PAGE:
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Review: Red Hot Chili Peppers – The Getaway

Review: Red Hot Chili Peppers – The Getaway

How the Peppers Escaped the Critical Mass

“Every true artist is at war with the world.”
― Anthony Kiedis, Scar Tissue

You’re cruising down Venice Beach on a moonlit night: hair blowing in the breeze, sweat clinging to your skin, a smoke clenched tight between your teeth. The intro to “Dark Necessities“ kicks in, and you know deep in your heart a truth that burns eternal:

It’s all about that bass.

Iconic psychedelic funk-rock legends, Rock and Roll Hall of Fame Inductees, and the Kings of California: the Red Hot Chili Peppers finally released their 11th LP after a tense four-year wait.

These legends of positive vibes had a lot to make up for with their latest album, following in the footsteps of I’m with You (2011) an album that even the most generous of fans were deeply troubled by.

And damn did they manage it.

Bassist Flea. Photo by Rafael Amado Deras

The Getaway is a return to the Peppers at their finest; side-slapping solos, body-moving rhythms and mood-hopping riffs punctuated by those most versatile fingers ever to take up a G-string; Flea.

All the while it’s interspersed with the voice of Anthony Kiedis, who manages polarising vocals that are passionate and melancholy, soulful and at times jumping for joy.

Even while returning to the riffs that made them what they are today, they were certainly not afraid to get creative with their new refrains. The guitar style of the newest addition to the band, Josh Klinghoffer, definitely came through in several solos throughout the album, putting his unique spin on the funk reprisals and familiar rap-rock the Peppers have become synonymous with.

“As beautiful as John’s shoes were, I don’t think that we ever expected Josh to be like him – just bring out some new shoes. Josh has incredible footwear.” – Anthony Kiedis, Q Magazine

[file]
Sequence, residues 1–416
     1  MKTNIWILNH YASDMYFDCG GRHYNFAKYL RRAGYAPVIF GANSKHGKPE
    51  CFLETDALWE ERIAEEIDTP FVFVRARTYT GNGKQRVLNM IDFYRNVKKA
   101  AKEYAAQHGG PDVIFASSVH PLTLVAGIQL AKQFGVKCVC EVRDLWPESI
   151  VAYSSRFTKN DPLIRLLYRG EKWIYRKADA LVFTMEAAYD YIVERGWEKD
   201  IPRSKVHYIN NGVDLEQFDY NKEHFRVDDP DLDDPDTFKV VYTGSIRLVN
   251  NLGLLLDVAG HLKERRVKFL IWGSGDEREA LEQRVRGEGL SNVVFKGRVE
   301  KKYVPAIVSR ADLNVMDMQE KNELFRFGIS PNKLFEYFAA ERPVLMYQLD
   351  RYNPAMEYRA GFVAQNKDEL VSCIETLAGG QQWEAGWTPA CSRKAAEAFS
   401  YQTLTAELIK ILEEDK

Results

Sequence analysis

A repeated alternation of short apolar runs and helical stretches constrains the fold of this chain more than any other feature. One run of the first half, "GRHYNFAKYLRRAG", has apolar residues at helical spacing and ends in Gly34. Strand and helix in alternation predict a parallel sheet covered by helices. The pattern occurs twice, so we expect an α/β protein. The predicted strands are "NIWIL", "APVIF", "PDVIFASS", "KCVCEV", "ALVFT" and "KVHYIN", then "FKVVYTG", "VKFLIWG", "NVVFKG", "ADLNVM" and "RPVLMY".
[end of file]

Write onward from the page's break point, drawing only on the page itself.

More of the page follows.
The album signals a new direction for the band, with production and co-writing by “Danger-Mouse” Burton, and the replacement of legendary guitarist John Frusciante.

This is not, however, a story of youthful abandonment. There is a darker narrative to The Getaway, told directly through “Dark Necessities” and “We Turn Red”, which tells a story of recovery and harsh reality for the critics they disdain.

These beats are a return to the years of Blood Sugar Sex Majik and Stadium Arcadium; the years of drugged-out funk, taken from the perspective of a sober mind.

These are the anthems of ageing Californian rockers come home.

The Getaway is the first album to go into detail about their new state of mind, encapsulated by strong, funk-rock tunes. The blues of “Go Robot”, and the wistful tone of a lost youth in “Dreams of a Samurai”, show not only the growth of talented musicians, but a personal story gripped with the despair of those who reached the brink of insanity and clawed their way back.

I’m still a little bent, a little crooked, but all things considered, I can’t complain.”
― Anthony Kiedis, Scar Tissue

An album full of body moving, funky Californian rhythms contrasted by deeper tunes that are, at times, a sobering reflection of where they are as band; older, wiser, and still damn near unstoppable.

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